LED's mounted in an array adjacent a first movable mirror 29, as disclosed below, provide radiation which is detected by detector 16. Radiation from the LED's in the array associated with the first movable mirror is received in a radiation guide of another, selected fiber and individually measured by control 100 (FIG. 7a). The position of the associated movable mirror of the selected fiber is adjusted until radiation received from each LED from the first mirror is substantially equal, as described in relation to moving fiber ends in U.S. Pat. No. 5,177,348, supra.
Although the movement of the mirror shown in FIG. 2 illustrates movement in one plane, mirror movement in a second plane is also included in the operation of the switch and will be described below.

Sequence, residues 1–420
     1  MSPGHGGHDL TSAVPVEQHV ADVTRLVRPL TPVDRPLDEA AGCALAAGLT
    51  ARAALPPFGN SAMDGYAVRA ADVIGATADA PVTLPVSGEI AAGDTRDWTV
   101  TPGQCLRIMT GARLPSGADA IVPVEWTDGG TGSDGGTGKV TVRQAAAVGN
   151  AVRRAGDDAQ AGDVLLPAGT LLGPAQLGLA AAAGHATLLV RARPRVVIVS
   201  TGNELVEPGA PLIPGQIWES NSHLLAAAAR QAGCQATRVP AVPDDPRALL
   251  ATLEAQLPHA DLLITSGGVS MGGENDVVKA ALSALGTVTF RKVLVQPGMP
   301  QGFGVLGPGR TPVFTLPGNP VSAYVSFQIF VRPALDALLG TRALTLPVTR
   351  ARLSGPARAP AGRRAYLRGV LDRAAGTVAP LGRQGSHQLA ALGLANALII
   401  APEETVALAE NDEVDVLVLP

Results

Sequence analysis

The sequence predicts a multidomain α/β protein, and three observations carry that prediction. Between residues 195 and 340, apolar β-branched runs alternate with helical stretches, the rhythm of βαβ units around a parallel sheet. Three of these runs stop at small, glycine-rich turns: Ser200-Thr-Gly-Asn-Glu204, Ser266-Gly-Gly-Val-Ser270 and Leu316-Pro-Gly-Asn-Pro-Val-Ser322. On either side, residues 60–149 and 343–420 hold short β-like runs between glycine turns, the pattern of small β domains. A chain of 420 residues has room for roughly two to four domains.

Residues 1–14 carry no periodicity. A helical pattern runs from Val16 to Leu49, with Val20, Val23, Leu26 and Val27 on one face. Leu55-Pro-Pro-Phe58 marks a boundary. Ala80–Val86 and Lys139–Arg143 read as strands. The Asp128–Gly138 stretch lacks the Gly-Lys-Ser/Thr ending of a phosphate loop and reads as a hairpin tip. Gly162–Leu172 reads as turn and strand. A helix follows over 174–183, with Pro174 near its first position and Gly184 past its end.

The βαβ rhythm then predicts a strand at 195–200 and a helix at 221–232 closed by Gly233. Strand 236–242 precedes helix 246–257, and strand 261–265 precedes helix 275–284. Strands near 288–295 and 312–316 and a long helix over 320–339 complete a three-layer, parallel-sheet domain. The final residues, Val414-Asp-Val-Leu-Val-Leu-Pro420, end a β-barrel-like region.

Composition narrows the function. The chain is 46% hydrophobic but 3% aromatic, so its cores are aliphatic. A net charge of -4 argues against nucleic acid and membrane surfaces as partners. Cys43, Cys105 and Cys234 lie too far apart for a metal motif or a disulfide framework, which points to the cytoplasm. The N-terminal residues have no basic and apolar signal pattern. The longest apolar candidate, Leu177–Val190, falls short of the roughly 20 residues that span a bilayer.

Mirror assembly 41, FIG. 3, is preferably formed from one piece of crystal material such as silicon, etched to provide an outer frame portion 43 forming an opening in which an intermediate annular gimbals portion 45 is attached at opposing hinge locations 55 along first axis 31. An inner, centrally disposed mirror portion 47, having a mirror 29 centrally located thereon, is attached to gimbals portion 45 at hinge portions 55 on a second axis 35, 90 degrees from the first axis. Mirror 29 is suitably polished on its upper surface to provide specular surface and, preferably, is similarly polished on its lower surface as well, in order to prevent stresses in the material which could otherwise cause a certain warpage due to the thinness of the sheet material, e.g., on the order of 100 microns.